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Two announcements this week suggest that MOOCs -- massive open online courses -- will increasingly include a route for students to receive academic credit.

Georgia State University announced Tuesday that it will start to review MOOCs for credit much like it reviews courses students have taken at other institutions, or exams they have taken to demonstrate competency in certain areas.

And Academic Partnerships, a company that works with public universities to put their degree programs online, announced an effort in which the first course of these programs can become a MOOC, with full credit awarded to those who successfully complete the course. The educational idea is that this offering will encourage more students to start degree programs. The financial idea is that the tuition revenue gained by participating institutions when students move from the MOOC to the rest of the program (which will continue to charge tuition) will offset the additional costs of offering the first course free.

Among the first universities planning to make the debut course in their online programs a MOOC are Cleveland State, Florida International, Lamar and Utah State Universities and the Universities of Arkansas, Cincinnati, Texas at Arlington and West Florida.

The announcements reflect increasing interest in turning MOOCs -- initially offered by elite institutions for educational gain but no credit -- into a tool that can be used by a range of students (including those who want credit) and into a strategy that can help a range of institutions without the endowments or prestige of MOOC pioneers such as Stanford University and the Massachusetts Institute of Technology.

One concern of many colleges and universities has been about what to do when their own students ask for credit for MOOCs that they took from other institutions. The issue is likely to grow because it is so common -- in an era when students transfer or stop in and out of various colleges -- for students to receive credit for work done elsewhere. But MOOCs were created as non-credit courses.

Georgia State's answer is to treat such courses much the way it would treat other courses or certifications earned elsewhere. The university's announcement noted that it already grants credit for Advanced Placement courses and classes taken at other institutions. And Georgia State characterized its move as consistent with those policies. "This represents a decision by Georgia State to consider MOOC courses in the way we consider every other course — whether they provide a good education for our students," said a statement from George Rainbolt, professor of philosophy and chair of the University Senate Committee on Admissions and Standards.

The University Senate this week approved the policy of treating MOOCs in this way.

Granting MOOC credit will not be automatic. The university statement said that students will have to work with "the Office of Undergraduate Admissions and academic departments to establish they have mastered the course material."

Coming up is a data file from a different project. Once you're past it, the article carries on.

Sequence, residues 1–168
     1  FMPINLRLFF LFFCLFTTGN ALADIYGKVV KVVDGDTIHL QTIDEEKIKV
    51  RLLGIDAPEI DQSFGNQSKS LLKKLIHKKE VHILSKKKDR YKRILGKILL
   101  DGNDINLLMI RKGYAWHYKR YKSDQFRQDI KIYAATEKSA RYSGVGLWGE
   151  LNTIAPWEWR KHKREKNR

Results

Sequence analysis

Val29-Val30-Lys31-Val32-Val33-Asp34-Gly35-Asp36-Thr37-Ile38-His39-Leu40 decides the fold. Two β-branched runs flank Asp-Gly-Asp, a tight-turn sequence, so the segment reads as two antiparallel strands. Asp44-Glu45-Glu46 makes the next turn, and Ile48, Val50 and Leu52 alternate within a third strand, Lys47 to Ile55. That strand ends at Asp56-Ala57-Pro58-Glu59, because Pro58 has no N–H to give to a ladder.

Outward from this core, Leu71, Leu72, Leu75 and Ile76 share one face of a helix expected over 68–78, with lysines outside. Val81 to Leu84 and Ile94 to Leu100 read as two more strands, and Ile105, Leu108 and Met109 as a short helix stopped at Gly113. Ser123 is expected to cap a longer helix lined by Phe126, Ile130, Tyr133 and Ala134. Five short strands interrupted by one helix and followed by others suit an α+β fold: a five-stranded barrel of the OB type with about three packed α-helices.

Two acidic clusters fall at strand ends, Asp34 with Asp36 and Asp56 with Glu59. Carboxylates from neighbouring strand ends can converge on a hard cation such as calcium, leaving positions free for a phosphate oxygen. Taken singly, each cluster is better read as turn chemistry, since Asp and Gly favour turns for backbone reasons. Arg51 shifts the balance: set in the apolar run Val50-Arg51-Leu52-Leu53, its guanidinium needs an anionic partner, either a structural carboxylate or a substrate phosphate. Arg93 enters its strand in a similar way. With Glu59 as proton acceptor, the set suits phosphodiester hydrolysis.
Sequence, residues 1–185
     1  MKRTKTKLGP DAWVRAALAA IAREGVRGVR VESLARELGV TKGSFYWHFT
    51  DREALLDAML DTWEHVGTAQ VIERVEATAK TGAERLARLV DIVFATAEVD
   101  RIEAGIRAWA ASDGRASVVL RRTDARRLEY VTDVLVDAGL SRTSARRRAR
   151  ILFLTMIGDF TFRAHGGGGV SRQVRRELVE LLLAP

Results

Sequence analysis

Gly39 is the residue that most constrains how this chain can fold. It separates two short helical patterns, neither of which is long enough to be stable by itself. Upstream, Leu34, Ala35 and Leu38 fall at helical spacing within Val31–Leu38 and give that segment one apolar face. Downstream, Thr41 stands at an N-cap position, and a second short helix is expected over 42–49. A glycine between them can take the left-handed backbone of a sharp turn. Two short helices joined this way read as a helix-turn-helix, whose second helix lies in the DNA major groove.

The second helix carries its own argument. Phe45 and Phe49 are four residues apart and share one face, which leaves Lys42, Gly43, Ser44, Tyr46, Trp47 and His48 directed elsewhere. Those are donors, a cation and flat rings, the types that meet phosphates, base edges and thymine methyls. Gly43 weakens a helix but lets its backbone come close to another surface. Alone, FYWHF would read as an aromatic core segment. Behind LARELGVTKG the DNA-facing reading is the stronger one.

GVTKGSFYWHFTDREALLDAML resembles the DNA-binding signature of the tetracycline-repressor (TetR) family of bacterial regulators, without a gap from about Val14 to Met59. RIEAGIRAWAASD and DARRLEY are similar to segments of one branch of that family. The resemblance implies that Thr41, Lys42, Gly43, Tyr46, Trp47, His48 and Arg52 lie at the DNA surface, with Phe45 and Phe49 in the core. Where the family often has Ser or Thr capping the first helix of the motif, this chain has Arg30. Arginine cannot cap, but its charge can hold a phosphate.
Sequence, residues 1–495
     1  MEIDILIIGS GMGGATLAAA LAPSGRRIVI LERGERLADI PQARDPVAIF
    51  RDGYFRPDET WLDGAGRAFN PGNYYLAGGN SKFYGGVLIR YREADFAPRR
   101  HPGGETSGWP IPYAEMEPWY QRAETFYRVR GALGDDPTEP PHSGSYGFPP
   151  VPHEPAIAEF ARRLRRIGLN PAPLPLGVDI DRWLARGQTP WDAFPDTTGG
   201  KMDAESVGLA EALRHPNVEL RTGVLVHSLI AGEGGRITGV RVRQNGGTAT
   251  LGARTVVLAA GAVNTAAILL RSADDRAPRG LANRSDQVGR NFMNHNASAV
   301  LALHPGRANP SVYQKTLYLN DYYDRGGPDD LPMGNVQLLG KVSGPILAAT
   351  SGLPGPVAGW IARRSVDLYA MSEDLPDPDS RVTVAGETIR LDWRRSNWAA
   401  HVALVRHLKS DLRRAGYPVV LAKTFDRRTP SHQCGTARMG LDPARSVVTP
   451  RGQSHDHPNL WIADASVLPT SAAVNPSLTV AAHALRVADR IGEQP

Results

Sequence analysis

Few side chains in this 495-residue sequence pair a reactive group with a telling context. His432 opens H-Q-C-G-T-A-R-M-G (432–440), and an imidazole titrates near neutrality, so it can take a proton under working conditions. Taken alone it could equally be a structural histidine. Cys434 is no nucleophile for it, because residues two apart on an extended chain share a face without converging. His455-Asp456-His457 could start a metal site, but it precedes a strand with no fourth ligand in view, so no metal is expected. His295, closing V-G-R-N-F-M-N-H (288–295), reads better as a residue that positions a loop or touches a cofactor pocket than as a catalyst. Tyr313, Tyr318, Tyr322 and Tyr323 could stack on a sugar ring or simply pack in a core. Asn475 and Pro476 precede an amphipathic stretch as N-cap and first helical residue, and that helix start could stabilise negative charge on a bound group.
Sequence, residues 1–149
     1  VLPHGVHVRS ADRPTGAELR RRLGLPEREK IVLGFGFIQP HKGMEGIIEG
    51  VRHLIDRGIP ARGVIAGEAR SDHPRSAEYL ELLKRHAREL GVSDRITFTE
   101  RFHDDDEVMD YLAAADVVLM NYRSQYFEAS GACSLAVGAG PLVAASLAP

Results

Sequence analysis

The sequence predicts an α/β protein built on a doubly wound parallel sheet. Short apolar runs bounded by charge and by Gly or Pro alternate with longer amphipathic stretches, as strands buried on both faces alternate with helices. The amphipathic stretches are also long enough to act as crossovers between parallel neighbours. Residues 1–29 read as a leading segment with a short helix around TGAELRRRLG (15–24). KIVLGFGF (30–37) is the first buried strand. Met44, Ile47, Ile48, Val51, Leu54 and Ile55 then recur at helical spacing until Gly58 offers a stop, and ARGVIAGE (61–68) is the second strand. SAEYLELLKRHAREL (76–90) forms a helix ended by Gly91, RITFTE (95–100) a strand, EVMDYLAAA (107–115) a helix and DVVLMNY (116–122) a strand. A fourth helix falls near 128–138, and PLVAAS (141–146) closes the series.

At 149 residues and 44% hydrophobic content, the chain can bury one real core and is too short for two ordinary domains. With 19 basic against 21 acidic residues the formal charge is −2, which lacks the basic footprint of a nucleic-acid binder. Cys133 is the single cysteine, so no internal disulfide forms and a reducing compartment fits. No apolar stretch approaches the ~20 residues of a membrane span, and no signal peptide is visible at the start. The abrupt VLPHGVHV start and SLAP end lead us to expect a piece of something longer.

The Academic Partnerships program is called MOOC2Degree, and deals with the credit issue in another way. This program takes existing programs that are offered online (but not as MOOCs) and are fully accredited through their host institutions, and makes the first course into a MOOC -- open to all and free, but awarding credit to those who complete successfully.

For example, the University of Cincinnati is offering its Innovation and Design Thinking course as a MOOC. Credit for that course could start a student on master's degree tracks in the university's business or engineering colleges.

Randy Best, founder and chairman of Academic Partnerships, said in a statement: "The free start is just the encouragement many working adults need to enroll in a degree program that will have a big impact on their future success. For universities, MOOC2Degree will potentially attract larger numbers of qualified students into their degree programs."

The Academic Partnerships announcement also quoted Belle Wheelan, president of the Southern Association of Colleges and Universities, as calling  MOOC2Degree "a good idea" -- a perhaps not so subtle reminder from Academic Partnerships that the MOOCs its universities will offer are covered by their institutions' accreditation.

Other Paths to Credit

The announcements from Georgia State and Academic Partnerships follow other institutions' moves toward creating paths to credit for MOOCs. In October, Coursera, a major MOOC provider, entered into a contract to license several of its courses to Antioch University, which would offer versions of the MOOCs for credit as part of a bachelor’s degree program.

And the American Council on Education has announced that it is evaluating whether courses from Coursera and Udacity (another MOOC provider) should be worth credit.

A common theme in all of the announcements is the view that awarding MOOC credit can be a way to help non-traditional students earn degrees. The Bill & Melinda Gates Foundation, which is supporting the ACE reviews, has stated that it hopes MOOCs expand access to college for those who need degrees. Best's statement referenced "working adults." Antioch has said that its program could be ideal for students who want to start bachelor's programs with credit earned at community colleges and then finish with MOOC and Antioch credit. And Georgia State's announcement said its approach to MOOC credit is part of a strategy to become "a national model for undergraduate education by demonstrating that students from all backgrounds can achieve academic and career success at high rates."


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